PORT CHARLOTTE, Fla. – Florida Gov. Jeb Bush is hustling across this state seeking to turn the human misery inflicted by Hurricane Charley into votes for his older brother in the Nov. 2 election. It is a task so crucial to George W. Bush that the governor announced he would skip the Republican convention in New York. The hurricane, packing 174-mile-per-hour winds, killed 26 people and left 141,000 homeless as it cut a swath across the state Aug. 13.

The Federal Emergency Management Administration (FEMA) has rushed in, presumably with an open checkbook for well-heeled Gulf Coast enclaves like Captiva Island. But anger boils over when working-class people, sweltering in their wrecked homes without water and electricity, talk about FEMA red tape.

Johnny and Brenda Wilder were removing rubble and downed trees from around their home. He is an air conditioner installer and she works at a dry cleaner’s. They told a harrowing tale of riding out the storm in their modest but well-built house as the rafters shook and the doorjambs groaned. “Yes, I know George Bush was right across the bridge in Punta Gorda telling FEMA he was giving them a blank check to help us out in any way we need,” Brenda said.

“But we haven’t got any help from FEMA. None. The only help we got was from the Red Cross.”

A portable generator was running nearby and they also have a chain saw. But friends lent both to them, she said.

Johnny interjected, “So many people here are devastated. They go to FEMA and wait five hours for help and leave empty-handed. We’ve got a big fat zero from them. Home Depot told us we could get a voucher to get things we need to repair our house but we went to FEMA three times and they said they didn’t know anything about it. I’m just a good ole boy from Kentucky but I know this: The rich get richer and the poor get poorer.”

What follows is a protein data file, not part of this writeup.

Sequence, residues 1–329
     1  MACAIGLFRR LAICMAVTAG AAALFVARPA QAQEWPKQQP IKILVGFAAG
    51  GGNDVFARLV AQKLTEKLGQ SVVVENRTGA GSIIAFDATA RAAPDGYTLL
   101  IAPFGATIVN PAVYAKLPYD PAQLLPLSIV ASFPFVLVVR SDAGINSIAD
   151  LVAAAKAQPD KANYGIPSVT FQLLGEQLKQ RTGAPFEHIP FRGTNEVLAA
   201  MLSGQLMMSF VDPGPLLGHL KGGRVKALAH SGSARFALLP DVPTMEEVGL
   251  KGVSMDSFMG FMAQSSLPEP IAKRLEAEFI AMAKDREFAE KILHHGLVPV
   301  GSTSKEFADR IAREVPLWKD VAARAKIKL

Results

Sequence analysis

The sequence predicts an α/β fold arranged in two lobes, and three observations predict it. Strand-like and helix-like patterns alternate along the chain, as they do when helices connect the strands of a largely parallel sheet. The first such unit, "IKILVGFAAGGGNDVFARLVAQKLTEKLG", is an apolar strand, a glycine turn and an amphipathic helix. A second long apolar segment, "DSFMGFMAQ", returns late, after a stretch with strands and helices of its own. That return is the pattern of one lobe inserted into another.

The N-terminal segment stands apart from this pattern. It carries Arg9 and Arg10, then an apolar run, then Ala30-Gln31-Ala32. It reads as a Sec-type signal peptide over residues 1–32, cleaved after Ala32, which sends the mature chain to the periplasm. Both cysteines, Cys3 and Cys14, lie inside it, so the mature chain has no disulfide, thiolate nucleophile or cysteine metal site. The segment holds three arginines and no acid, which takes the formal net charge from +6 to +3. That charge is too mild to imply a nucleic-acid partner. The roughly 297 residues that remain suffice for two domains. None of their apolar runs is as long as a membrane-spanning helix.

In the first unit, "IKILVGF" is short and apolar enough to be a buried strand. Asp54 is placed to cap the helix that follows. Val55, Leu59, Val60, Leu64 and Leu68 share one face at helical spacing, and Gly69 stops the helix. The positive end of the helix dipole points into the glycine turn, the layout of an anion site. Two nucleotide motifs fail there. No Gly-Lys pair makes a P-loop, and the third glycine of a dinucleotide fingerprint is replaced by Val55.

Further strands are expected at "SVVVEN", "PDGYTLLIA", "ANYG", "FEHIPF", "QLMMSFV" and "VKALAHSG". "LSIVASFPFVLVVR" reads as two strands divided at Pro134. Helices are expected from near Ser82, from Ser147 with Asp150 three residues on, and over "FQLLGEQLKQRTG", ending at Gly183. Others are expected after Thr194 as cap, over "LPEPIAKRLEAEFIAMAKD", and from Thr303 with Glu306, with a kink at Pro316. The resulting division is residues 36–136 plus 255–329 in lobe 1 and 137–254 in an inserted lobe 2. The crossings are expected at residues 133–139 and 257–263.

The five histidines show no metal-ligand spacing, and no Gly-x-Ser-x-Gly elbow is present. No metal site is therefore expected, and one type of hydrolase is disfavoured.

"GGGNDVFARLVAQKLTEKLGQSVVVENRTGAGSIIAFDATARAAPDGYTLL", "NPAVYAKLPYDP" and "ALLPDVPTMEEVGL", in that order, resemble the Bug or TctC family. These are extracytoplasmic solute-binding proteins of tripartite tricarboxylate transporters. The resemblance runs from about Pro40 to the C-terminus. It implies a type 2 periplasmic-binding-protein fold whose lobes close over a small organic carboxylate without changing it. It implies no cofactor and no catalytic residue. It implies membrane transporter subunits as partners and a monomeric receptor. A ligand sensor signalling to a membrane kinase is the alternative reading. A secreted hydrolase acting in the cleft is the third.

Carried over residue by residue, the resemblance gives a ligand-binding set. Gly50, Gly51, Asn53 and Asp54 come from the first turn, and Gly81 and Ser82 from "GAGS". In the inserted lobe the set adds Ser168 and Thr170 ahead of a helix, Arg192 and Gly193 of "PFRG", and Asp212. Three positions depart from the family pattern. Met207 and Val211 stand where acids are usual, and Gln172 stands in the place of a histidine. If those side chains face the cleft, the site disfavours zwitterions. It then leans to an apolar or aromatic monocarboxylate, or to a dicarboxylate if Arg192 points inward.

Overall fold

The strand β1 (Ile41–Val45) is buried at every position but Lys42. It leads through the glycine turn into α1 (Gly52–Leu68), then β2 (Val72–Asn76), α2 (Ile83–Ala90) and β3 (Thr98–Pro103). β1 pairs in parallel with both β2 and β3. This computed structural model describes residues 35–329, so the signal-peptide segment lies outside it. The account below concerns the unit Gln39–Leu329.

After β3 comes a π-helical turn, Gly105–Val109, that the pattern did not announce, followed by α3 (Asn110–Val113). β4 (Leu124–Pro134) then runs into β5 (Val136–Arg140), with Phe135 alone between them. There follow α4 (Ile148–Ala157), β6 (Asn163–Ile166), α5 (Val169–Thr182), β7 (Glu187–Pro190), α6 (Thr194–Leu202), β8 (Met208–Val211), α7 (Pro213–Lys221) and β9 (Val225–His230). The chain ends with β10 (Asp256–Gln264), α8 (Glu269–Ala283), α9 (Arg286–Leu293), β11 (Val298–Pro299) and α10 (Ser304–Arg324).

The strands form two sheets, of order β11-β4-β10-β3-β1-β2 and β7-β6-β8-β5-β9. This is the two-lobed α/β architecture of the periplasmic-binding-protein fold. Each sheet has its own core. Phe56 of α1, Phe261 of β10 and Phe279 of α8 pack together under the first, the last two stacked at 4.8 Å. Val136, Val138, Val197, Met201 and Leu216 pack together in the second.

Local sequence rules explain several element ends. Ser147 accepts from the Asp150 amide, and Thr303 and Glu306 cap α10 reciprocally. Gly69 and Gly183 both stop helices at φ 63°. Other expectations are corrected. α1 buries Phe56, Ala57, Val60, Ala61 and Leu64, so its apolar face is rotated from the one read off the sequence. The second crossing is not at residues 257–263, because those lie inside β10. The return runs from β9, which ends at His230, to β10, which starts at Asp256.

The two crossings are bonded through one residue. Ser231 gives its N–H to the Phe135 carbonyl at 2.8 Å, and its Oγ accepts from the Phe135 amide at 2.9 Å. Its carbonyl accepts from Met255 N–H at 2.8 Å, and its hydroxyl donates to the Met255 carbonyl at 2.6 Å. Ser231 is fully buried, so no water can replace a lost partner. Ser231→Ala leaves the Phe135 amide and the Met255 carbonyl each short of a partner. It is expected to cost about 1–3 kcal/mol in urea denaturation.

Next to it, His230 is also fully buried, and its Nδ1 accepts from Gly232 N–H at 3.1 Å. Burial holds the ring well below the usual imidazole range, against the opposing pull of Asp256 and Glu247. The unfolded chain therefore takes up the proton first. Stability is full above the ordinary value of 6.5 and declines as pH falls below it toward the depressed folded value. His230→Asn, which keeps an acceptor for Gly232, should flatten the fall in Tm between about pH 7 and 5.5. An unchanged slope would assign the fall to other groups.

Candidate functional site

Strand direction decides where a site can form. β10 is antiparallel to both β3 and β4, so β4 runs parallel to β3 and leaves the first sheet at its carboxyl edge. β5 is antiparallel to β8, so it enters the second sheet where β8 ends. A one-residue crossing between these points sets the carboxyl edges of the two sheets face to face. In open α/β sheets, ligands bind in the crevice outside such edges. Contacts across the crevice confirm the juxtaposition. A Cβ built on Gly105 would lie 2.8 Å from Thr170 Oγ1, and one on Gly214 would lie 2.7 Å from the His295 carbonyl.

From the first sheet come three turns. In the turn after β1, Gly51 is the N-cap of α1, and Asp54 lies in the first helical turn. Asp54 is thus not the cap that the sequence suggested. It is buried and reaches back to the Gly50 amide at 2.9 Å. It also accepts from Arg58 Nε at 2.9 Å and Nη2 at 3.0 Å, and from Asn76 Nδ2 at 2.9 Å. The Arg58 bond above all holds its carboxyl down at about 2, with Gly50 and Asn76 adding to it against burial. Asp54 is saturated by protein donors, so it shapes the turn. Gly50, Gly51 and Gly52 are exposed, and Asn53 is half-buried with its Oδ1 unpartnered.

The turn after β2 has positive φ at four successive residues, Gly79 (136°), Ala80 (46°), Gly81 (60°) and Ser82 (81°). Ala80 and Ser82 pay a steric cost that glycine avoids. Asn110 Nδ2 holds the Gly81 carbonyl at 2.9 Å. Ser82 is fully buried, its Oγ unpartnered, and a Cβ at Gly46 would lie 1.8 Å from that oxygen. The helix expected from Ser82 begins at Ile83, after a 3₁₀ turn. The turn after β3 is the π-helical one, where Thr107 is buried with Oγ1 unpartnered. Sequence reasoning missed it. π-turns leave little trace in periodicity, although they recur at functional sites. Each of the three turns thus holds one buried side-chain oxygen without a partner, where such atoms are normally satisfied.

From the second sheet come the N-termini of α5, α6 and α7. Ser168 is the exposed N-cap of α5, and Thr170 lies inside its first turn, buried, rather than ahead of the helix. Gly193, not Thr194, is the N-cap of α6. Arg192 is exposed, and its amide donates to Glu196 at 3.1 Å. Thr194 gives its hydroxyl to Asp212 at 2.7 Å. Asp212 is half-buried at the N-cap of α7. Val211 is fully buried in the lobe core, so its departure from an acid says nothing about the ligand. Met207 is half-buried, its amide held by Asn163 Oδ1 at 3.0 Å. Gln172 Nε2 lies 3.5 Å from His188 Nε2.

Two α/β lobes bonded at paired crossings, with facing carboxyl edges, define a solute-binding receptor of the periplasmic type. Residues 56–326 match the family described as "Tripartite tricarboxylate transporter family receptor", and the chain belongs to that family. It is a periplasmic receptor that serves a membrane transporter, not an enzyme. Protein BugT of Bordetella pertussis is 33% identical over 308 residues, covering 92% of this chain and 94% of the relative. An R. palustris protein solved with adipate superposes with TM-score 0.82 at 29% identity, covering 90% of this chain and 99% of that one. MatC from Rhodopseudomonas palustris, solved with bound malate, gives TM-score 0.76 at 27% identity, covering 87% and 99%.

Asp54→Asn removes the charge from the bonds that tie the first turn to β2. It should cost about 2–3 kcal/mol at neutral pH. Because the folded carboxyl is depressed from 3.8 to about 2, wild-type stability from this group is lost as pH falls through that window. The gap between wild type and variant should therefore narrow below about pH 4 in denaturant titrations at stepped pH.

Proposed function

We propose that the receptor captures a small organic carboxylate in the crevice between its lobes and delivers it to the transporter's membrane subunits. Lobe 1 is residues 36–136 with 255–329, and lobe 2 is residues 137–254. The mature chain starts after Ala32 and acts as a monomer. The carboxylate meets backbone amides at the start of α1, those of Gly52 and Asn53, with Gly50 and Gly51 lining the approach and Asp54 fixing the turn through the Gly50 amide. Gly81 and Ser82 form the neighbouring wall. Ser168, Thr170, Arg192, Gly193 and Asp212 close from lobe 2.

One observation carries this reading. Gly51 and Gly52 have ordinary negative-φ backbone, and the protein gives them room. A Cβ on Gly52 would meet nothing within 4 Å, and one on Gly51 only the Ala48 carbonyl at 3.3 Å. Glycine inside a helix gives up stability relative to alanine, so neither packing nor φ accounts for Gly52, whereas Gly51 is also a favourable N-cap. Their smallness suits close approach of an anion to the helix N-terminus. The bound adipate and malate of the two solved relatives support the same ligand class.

A few blocks away, Emma Ritchie was picking up a case of bottled water from a Red Cross truck. “The roof’s gone from my home,” she said. “I’m sleeping on the floor and I caught a cold. A roofer says it will cost $9,000 to repair the roof. I went to FEMA and they told me I’d get some help. But I haven’t heard anything from them. I told them I need a grant. I can’t afford $9,000.”

The Red Cross has brought in more than 3,000 volunteers. Kelly Reffett, an AFL-CIO Community Services organizer from Chicago, is serving as an AFL-CIO liaison with the Red Cross in Bradenton. She said scores of union members have poured in to help.

Patsy Smith, a retired Flint, Mich. autoworker, is a member of UAW Local 651. “Disaster is a way of life for working people. Look at Flint. It’s dying,” she said.

“People are not getting the jobs they need. We’re about to lose another plant. There is only one truck plant left. I’m retired and I decided it’s payback time. I want to give something back to people in need.”

Viviana Carloss, a Red Cross volunteer from Sacramento, Calif., said she is responsible for “diverse communities” such as low-income people, people of color, as well as senior citizens and disabled people.

“Yesterday we had a meeting with farm worker organizations. We’re trying to get more services for the migrant farm workers who have not only been displaced but are now unemployed because 80 percent of the citrus crop was destroyed,” she said. “We have entire families living in shelters.”

Larry Gray, a veteran lineman from Jefferson City, Tenn., was one of 76 linemen, all members of Local 760 of the International Brotherhood of Electrical Workers in east Tennessee, toiling in the sweltering heat to restore power in Port Charlotte. “Our company is a union company,” he told the World. “Our joint apprenticeship program teaches every worker to do this kind of work. Right now we’re working to restore power to hospitals and other emergency services. Then we’ll shift over to the residential side.”

Florida National Guard units came here soon after returning from Iraq. Some soldiers expressed joy at being assigned to a duty where the people “welcome us rather than shoot at us,” the St. Petersburg Times reported.

James McGill of St. Pete Beach, in an Aug. 21 letter to the Times, commented, “We should all pitch in and do what we can to help the victims of Charley … At the same time we should reflect on what we as a nation have done, or not done, to help millions [in Iraq] who are still trying to recover from Hurricane Shock and Awe.”

The author can be reached at greenerpastures21212@yahoo.com.